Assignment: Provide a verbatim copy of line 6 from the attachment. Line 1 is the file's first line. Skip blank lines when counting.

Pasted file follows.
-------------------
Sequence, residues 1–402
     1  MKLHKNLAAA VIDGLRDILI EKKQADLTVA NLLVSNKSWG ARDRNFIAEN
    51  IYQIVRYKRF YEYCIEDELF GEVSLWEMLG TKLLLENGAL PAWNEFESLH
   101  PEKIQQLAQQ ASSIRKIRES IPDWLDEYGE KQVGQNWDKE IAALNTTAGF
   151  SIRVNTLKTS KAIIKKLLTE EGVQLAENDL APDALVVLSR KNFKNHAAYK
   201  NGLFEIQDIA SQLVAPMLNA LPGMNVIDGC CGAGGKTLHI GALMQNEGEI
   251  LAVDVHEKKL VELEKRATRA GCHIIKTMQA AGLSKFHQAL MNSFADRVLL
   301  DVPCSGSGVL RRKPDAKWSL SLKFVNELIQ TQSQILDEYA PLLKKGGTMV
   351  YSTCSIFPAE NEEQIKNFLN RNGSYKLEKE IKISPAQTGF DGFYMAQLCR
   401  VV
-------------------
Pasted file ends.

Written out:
   201  NGLFEIQDIA SQLVAPMLNA LPGMNVIDGC CGAGGKTLHI GALMQNEGEI